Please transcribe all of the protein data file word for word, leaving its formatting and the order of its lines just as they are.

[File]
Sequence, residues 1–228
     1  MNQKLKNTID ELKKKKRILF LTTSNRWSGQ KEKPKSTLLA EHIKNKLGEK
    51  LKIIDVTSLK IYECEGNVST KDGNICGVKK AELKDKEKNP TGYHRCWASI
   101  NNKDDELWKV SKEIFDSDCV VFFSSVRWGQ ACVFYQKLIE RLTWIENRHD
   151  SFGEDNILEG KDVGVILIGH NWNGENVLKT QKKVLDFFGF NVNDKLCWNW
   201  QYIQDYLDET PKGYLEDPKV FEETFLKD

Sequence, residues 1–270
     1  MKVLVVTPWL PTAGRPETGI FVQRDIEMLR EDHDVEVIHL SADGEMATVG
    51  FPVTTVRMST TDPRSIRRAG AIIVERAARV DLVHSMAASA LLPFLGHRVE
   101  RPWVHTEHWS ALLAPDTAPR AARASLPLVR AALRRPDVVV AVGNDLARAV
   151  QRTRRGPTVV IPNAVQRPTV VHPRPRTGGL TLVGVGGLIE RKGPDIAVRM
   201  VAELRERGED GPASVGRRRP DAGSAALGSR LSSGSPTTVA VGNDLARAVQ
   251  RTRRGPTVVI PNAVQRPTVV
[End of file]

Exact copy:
Sequence, residues 1–228
     1  MNQKLKNTID ELKKKKRILF LTTSNRWSGQ KEKPKSTLLA EHIKNKLGEK
    51  LKIIDVTSLK IYECEGNVST KDGNICGVKK AELKDKEKNP TGYHRCWASI
   101  NNKDDELWKV SKEIFDSDCV VFFSSVRWGQ ACVFYQKLIE RLTWIENRHD
   151  SFGEDNILEG KDVGVILIGH NWNGENVLKT QKKVLDFFGF NVNDKLCWNW
   201  QYIQDYLDET PKGYLEDPKV FEETFLKD

Sequence, residues 1–270
     1  MKVLVVTPWL PTAGRPETGI FVQRDIEMLR EDHDVEVIHL SADGEMATVG
    51  FPVTTVRMST TDPRSIRRAG AIIVERAARV DLVHSMAASA LLPFLGHRVE
   101  RPWVHTEHWS ALLAPDTAPR AARASLPLVR AALRRPDVVV AVGNDLARAV
   151  QRTRRGPTVV IPNAVQRPTV VHPRPRTGGL TLVGVGGLIE RKGPDIAVRM
   201  VAELRERGED GPASVGRRRP DAGSAALGSR LSSGSPTTVA VGNDLARAVQ
   251  RTRRGPTVVI PNAVQRPTVV